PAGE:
To a stirred solution of 12.1 g (37.1 mmol) of sulfone 21, 5.10 ml (36.4 mmol) of diisopropyl amine and 100 ml of anhydrous tetrahydrofuran (containing 1,10-phenanthroline as indicator) under nitrogen atmosphere at -78 The solution was stirred under nitrogen at -78 10.0 g (18.3 mmol) of 4 in 40 ml of anhydrous tetrahydrofuran was added. The mixture was stirred at -78 addition of 100 ml of saturated NH.sub.4 Cl solution, warmed to 0 C. and extracted three times with 100 ml of ethyl acetate. Each extract was washed with 100 ml of saturated NaCl. solution, dried over Na.sub.2 SO.sub.4 and concentrated in vacuo. The residue was purified on a silica gel column (3.2.times.60 cm, 150 g of 75150 μm silica gel). The unreacted sulfone 21 was eluted with benzen and 14.7 g (92%) of 5 was eluted with ethyl acetate.

A mixture of 14.7 g (16.9 mmol) of hydroxysulfone 5, 110 g of 5% sodium amalgam and 400 ml of methanol saturated with Na.sub.2 HPO.sub.4 was stirred under nitrogen atmosphere at 5 solution was decanted and concentrated in vacuo. The residue was dissolved in 200 ml of ethyl acetate and washed with 400 ml and 200 ml of water. The ethyl acetate extract was separated and each of washing was extracted twice with 200 ml of ethyl acetate. The combined extract was dried over Na.sub.2 SO.sub.4 and concentrated in vacuo. 10.5 g (91%) of 6 was obtained.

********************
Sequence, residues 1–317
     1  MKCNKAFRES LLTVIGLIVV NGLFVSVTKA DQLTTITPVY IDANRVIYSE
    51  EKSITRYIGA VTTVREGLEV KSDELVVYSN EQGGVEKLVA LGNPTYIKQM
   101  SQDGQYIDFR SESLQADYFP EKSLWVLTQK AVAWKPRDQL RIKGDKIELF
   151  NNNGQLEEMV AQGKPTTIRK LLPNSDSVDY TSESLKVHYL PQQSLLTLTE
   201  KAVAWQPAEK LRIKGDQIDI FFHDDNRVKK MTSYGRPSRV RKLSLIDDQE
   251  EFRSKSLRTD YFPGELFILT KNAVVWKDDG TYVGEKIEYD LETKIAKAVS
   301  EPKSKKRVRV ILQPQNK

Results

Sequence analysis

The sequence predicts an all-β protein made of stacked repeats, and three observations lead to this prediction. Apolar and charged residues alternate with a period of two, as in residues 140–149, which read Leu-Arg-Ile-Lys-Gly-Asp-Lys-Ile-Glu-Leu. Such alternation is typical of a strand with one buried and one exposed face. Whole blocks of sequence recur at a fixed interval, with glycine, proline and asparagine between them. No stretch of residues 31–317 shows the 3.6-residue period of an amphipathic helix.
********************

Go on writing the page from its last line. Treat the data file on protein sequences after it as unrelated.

To a solution of 10.5 g (15.4 mmol) of 6 in 400 ml of tetrahydrofuran was added 11.5 g (303.0 mmol) of LiAlH.sub.4. The mixture was heated under reflux and nitrogen atmosphere for 3 hrs, cooled with ice water and decomposed by the dropwise addition of 40 ml of ethyl acetate and 60 ml of water. Then, the mixture was filtered and the filtrate was concentrated in vacuo. The residue was dissolved in 200 ml of ethyl acetate and washed twice with 200 ml of saturated NaCl solution. The ethyl acetate extract was separated and each washing was extracted with 200 ml of ethyl acetate. The combined extract was dried over Na.sub.2 SO.sub.4 and connected in vacuo. Then, the residue was purified on a silica gel column (3.2.times.25 cm, 80 g of 75 150 μm silica gel) and 4.8 g (63%) of 7 was eluted with 5% ether in benzene as eluant yellow foam!.